By Nikki Rajala | The Central Minnesota Catholic
Among the vital programs at the St. Cloud Hospital, two seek more volunteers — No One Dies Alone and Eucharistic Ministry, said Peter Bauck director of Spiritual Care for CentraCare.
During the pandemic when the building was closed to visitors, programming wasn’t available, but both of those programs have now returned, Bauck explained.
“Volunteers are critical to the mission of the hospital. We’re grateful for the individuals who provide compassion for persons who are in pain or suffering a health care crisis. Volunteers offer a healing presence that God calls us to provide, the hope that God is with them regardless of the circumstances that unfold,” Bauck said.
Rebecca Calderone, director of Catholic Mission, added, “In living out the Catholic, Benedictine mission of the St. Cloud Hospital, we are called, in the words of St. Benedict, to welcome all people as Christ. Our volunteers play a critical role in how we put that call into action.”
No One Dies Alone
“In the No One Dies Alone program,” Bauck said, “a person may not have loved ones who can be at his or her bedside. Or perhaps the family members of the dying person need a moment away from the hospital to rest or rejuvenate. Then our volunteers come to sit at the bedside and offer their healing presence so the dying are cared for. Depending on the patient’s spirituality, the volunteer may offer appropriate readings or prayers — during the instruction period, volunteers learn what to read or provide.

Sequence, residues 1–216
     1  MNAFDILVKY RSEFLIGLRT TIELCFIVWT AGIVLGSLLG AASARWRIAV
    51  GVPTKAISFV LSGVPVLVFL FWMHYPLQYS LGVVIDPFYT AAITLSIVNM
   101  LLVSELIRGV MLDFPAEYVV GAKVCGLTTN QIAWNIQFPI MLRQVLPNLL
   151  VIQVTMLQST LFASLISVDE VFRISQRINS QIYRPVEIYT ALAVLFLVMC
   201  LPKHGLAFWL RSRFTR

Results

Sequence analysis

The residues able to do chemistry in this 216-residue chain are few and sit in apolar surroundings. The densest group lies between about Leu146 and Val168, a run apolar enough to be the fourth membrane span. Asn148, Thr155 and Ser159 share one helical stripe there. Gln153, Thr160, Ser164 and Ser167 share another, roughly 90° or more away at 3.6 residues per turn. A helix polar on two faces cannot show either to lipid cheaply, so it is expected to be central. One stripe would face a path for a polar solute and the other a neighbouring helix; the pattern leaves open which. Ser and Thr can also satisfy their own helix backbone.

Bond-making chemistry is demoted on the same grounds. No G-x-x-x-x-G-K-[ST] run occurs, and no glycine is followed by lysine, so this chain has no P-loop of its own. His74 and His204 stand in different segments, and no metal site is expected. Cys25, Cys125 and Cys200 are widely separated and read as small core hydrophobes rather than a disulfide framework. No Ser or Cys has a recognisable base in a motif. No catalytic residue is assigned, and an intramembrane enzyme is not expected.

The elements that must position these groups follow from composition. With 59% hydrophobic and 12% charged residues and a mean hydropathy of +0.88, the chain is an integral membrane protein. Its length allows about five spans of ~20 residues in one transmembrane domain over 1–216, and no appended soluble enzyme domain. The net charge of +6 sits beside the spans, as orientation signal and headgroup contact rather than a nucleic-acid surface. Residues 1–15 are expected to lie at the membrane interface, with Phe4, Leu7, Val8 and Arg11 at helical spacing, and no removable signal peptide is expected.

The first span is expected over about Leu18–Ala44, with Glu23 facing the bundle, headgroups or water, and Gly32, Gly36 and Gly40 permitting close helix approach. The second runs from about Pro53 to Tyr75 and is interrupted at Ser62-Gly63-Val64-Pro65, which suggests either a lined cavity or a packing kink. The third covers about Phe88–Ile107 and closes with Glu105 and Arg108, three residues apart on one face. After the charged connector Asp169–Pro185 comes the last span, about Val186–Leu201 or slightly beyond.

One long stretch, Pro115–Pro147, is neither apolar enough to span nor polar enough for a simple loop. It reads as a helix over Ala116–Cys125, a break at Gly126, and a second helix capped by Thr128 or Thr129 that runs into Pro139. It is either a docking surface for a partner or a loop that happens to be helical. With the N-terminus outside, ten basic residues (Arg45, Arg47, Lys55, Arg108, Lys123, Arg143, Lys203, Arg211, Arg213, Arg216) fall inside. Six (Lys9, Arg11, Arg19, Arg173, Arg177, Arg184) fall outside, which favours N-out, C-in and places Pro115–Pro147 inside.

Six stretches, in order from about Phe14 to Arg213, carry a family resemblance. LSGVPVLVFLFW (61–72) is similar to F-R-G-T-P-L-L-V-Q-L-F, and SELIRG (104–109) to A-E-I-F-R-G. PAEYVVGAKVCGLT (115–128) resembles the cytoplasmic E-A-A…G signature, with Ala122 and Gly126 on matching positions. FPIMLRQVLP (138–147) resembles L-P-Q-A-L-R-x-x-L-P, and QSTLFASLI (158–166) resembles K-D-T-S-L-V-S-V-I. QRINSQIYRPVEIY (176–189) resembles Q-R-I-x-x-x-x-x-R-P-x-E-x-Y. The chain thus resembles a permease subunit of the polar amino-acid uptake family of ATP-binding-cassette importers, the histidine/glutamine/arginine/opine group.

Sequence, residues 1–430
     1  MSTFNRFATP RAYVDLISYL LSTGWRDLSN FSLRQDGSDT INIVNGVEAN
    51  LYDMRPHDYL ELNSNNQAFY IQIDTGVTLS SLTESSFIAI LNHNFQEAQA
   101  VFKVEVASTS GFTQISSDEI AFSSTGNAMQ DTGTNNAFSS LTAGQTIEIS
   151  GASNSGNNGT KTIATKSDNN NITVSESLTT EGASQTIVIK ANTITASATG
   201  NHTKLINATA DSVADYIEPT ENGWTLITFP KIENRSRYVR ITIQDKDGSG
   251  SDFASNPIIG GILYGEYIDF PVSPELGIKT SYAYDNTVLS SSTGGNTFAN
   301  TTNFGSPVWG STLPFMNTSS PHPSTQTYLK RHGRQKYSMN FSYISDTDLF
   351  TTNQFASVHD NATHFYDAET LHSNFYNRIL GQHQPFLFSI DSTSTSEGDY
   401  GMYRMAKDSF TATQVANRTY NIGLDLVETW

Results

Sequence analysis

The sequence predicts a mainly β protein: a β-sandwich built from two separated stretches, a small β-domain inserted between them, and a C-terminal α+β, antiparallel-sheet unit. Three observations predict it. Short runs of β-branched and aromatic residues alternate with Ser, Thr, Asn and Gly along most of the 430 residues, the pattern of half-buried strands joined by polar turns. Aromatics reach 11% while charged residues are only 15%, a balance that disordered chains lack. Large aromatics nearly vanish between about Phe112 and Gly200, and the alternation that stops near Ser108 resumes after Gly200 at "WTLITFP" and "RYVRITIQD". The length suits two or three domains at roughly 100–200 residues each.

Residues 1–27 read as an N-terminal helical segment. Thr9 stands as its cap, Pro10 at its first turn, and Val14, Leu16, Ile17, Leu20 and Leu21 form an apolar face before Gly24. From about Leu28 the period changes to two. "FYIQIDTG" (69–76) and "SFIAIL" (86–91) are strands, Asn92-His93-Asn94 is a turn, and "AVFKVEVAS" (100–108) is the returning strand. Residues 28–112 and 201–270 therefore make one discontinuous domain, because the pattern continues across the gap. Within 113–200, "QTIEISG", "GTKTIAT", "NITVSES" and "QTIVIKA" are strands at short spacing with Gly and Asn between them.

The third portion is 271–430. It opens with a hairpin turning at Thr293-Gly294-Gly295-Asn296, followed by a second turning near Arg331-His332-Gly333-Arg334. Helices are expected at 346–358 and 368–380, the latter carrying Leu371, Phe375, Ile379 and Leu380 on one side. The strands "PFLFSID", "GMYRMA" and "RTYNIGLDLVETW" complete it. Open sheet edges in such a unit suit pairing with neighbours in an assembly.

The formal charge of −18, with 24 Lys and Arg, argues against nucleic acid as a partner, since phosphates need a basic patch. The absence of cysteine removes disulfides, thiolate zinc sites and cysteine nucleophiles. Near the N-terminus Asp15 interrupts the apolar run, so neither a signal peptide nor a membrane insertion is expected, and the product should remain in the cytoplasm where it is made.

“Each of the dying persons in chronic or terminal stages in the hospital has their own timing and process which we can’t predict, so these volunteers are on call,” he said. “The need is determined by the nursing staff and chaplains. Volunteers receive a phone call informing them of the need. It’s not mandatory to respond, but if they are available, they can choose to come in for an amount of time.”
Any compassionate person can be trained to provide healing presence for the dying in the No One Dies Alone program. Being part of a religious group is not a requirement — volunteers may give spiritual care to someone who may not share the same worldview they have. All who are interested in this program are trained through Volunteer Services and Spiritual Care at the hospital. (See box.)
As a Catholic hospital, it’s important to provide the healing of the sacrament for Catholic patients, Bauck said.
“I feel honored to be able to bring the Eucharist to them and pray with them,” said volunteer Pat Fitzharris.
Protestant Communion can also be requested by patients or family.
Volunteers in Eucharistic Ministry have predictable schedules on the weekdays or weekends they provide Communion. While volunteers may have specific parish training, they also go through training from Volunteer Services and the Catholic staff in Spiritual Care at the hospital. Those interested are asked to visit the website to complete an application.
“Having a beautiful heart is a good word for why people volunteer,” Bauck said. “We’ll take all the helping hearts that we can get.”
How to Volunteer
For more information or to fill out an application form, visit Volunteer Services at https://www.centracare.com/volunteer/st-cloud. Then click on Explore Volunteer Opportunities and on Spiritual Care.